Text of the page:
Wednesday, September 9, 2009

Swan Hunting Permit Applications accepted until Sept. 10

The chance to apply for a swan hunting permit is almost over. You can now apply for a 2009 Utah swan hunting permit at . To get your application in the draw for permits, you must submit it no later than 11 p.m. on Sept. 10. If you need help applying, call (801) 538-4700 no later than 6 p.m. on Sept. 10.

Must complete swan course first

If you haven’t completed Utah’s one-time swan hunting orientation course, you must complete the course before you apply for a permit. The course is available at . It takes about 20 to 30 minutes to complete. The course must be taken only one time, so if you’ve already completed the course, you don’t need to take it again.

Two changes

Two changes await Utah’s swan hunters this year:

- If you apply for a swan permit, but you don’t draw one, you’ll receive a preference point. Your preference point will put you at the top of the list to receive a swan permit in 2010.

Also, if you won’t be hunting swans in 2009, you can still apply for a preference point for 2010. If you’d like to apply for preference point, make sure you submit your application at no later than 11 p.m. on Sept. 10.

- For the first time, up to four swan hunters can apply together as a group. For more information, see page 12 of the 2009 – 2010 Utah Waterfowl Guidebook. A draft copy of the guidebook is available at .

2,000 permits

A total of 2,000 permits will be available for this fall’s hunt. Last year, 4,347 hunters applied for the 2,000 swan permits that were available.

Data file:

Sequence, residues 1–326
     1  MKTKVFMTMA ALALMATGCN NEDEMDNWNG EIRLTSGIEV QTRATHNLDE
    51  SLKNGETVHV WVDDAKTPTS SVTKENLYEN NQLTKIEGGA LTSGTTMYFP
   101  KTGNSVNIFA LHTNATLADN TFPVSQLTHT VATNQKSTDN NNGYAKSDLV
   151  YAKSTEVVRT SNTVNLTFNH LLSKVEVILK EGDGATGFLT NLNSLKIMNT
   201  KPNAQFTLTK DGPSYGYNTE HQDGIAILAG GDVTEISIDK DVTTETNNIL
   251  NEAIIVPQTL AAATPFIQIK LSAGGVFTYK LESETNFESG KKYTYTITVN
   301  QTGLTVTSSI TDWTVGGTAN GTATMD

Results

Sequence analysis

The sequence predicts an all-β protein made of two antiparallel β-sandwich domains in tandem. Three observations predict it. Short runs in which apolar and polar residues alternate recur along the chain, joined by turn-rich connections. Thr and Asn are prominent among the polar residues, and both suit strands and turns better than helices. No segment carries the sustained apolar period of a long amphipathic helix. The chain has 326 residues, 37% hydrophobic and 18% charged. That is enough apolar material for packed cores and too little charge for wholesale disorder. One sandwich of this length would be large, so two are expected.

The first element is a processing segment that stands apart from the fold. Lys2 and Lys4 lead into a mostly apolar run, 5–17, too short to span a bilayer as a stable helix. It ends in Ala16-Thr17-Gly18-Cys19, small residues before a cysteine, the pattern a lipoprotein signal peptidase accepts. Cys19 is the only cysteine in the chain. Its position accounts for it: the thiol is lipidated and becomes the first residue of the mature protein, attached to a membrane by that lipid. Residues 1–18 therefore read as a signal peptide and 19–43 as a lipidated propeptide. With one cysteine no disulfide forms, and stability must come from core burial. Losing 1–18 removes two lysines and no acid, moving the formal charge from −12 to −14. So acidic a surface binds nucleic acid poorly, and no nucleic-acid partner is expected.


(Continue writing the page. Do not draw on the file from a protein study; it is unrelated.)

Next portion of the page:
For more information, call the nearest Division of Wildlife Resources office or the DWR’s Salt Lake City office at (801) 538-4700.

DWR proposes fishing changes for 2010

Starting in 2010, the chance you’ll catch yellow perch in Utah could increase. And the chance to catch fish at Utah’s community fishing waters might go up too.

A statewide yellow perch limit and a lower limit at the community waters are among the ideas Division of Wildlife Resources biologists are proposing for Utah’s 2010 fishing season.

Learn more, share your ideas

All of the DWR’s fishing proposals are available at . Once you’ve read the proposals, you can share your thoughts and ideas one of two ways:

RAC meetings

Five Regional Advisory Council meetings will be held across Utah. Citizens representing the RACs will take the input received at the meetings to the Utah Wildlife Board. Board members will use the input to help them set rules for Utah’s 2010 fishing season. They’ll set those rules at their Oct. 1 meeting in Salt Lake City.

You can participate and provide your input at any of the following meetings:

Southern Region
Sept. 8
7 p.m.
Beaver High School
195 E. Center St.

Southeastern Region
Sept. 9
6:30 p.m.
John Wesley Powell Museum
1765 E. Main St.
Green River

Northeastern Region
Sept. 10
6:30 p.m.
Western Park, Room #1
302 E. 200 S.

Central Region
Sept. 15
6:30 p.m.
Central Region Conference Center
1115 N. Main St.

Northern Region
Sept. 16
6 p.m.
Brigham City Community Center
24 N. 300 W.
Brigham City


You can also provide your comments to your RAC via e-mail. E-mail addresses for your RAC members are available at .

The group each RAC member represents (sportsman, non-consumptive, etc.) is listed under each person’s e-mail address. You should direct your e-mail to the people on the RAC who represent your interest.

50-perch limit